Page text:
You should have kept reading, rather than rushing into your rant. From the same wiki page:

          A PCT application does not itself result in the grant of a patent, since there is no such thing as an "international patent", and the grant of patent is a prerogative of each national or regional authority.[5] In other words, a PCT application, which establishes a filing date in all contracting states, must be followed up with the step of entering into national or regional phases to proceed towards grant of one or more patents. The PCT procedure essentially leads to a standard national or regional patent application, which may be granted or rejected according to applicable law, in each jurisdiction in which a patent is desired.

          Basically, what happens is, rather than going to each country individually and filing a patent application, you file a single PCT application. WIPO does a preliminary search, and transmits a copy of the application and search to every country's national patent office (e.g. the USPTO, the Chinese patent office (SIPO), the Korean patent office, the Mozambique patent office, etc., etc.). You then go to each country that y

          • If you're only getting a patent in 3-4 countries, the combined [PCT application + national applications] cost more, but if you're getting a patent in more, you save significant money. For example, if you're a big pharma company and want a patent in 100 of those countries, the PCT will save you ~$30-50k in just filing fees, and probably another $30-50k (or more) in attorney or paralegal time to do those filings.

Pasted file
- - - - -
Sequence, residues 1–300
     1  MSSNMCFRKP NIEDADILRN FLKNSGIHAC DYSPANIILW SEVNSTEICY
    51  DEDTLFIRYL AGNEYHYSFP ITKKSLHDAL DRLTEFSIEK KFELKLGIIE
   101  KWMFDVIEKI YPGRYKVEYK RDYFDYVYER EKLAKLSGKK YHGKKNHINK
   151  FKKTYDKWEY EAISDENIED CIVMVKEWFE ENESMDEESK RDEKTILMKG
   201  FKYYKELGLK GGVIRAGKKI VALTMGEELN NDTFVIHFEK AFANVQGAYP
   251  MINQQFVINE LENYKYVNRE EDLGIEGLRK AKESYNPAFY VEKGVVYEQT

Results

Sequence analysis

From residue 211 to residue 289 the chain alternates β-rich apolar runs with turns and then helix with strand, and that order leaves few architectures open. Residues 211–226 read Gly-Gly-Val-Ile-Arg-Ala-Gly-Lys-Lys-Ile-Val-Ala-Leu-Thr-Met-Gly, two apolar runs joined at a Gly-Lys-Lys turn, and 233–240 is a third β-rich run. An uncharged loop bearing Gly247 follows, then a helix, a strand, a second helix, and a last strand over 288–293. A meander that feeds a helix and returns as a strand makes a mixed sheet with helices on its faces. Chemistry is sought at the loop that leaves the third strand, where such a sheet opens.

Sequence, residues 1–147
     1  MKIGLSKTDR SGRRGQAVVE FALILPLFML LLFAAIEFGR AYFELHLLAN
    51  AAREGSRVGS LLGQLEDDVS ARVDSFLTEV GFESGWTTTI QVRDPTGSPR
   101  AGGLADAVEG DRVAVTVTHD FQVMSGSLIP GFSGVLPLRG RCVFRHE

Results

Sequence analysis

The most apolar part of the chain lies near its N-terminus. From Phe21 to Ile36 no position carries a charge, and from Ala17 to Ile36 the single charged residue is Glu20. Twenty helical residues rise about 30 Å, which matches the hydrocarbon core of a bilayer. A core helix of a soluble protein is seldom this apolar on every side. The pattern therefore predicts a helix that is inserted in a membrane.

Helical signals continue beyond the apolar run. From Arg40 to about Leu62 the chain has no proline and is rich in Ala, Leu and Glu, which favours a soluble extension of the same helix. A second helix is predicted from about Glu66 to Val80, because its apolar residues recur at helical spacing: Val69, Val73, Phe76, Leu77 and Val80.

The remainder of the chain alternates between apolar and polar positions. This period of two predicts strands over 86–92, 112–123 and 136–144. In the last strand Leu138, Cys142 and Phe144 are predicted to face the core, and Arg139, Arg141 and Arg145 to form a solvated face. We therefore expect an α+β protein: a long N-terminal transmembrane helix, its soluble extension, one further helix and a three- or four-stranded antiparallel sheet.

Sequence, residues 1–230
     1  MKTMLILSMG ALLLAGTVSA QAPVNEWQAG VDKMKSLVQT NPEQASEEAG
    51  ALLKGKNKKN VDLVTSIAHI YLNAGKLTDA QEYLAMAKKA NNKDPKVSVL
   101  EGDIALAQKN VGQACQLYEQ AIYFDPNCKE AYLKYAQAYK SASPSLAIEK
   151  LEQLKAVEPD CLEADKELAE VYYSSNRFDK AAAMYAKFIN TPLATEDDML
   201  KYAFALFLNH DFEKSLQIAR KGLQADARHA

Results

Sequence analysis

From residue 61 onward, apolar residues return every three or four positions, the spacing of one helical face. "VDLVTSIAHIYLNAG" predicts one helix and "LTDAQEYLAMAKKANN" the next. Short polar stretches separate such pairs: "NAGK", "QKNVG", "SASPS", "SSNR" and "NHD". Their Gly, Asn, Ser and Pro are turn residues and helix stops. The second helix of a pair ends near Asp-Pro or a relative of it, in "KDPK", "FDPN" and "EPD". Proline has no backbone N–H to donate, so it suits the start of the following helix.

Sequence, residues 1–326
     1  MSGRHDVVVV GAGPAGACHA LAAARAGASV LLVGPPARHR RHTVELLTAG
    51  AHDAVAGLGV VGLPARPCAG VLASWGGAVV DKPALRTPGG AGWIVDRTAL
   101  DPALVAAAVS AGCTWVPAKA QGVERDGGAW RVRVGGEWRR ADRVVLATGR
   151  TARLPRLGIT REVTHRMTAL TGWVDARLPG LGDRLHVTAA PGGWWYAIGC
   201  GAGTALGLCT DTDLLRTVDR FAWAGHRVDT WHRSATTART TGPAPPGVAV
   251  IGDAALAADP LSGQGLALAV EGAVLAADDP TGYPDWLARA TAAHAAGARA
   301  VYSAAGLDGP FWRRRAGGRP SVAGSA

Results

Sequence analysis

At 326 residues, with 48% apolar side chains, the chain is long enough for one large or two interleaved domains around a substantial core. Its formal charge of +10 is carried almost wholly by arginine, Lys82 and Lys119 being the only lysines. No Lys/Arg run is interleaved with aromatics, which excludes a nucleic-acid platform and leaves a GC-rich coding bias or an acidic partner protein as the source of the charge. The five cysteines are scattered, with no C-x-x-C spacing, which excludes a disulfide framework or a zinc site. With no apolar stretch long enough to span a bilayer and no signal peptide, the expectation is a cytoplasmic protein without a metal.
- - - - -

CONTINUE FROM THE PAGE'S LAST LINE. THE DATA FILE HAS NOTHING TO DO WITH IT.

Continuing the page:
Finally, now, someone says this.

            Alas, it's too late for me to save that $60k. It's spilled milk.

            • If you're only getting a patent in 3-4 countries, the combined [PCT application + national applications] cost more, but if you're getting a patent in more, you save significant money. For example, if you're a big pharma company and want a patent in 100 of those countries, the PCT will save you ~$30-50k in just filing fees, and probably another $30-50k (or more) in attorney or paralegal time to do those filings.

              Finally, now, someone says this.

              Alas, it's too late for me to save that $60k. It's spilled milk.

              Gah... Sorry? :/

        • by DamonHD ( 794830 )

          Yours is one of the most remarkably silly frothing rude pointless rants that I've seen in a long time. If I were unkind I could say I'd hope that your meds would be released as generics so that you could actually afford to take them.

          I came back after several days to add this news item that may add some light to the flying spittle:

          https://www.newscientist.com/a... [newscientist.com]

          which suggests that there isn't much ulterior motive in GSK's actions.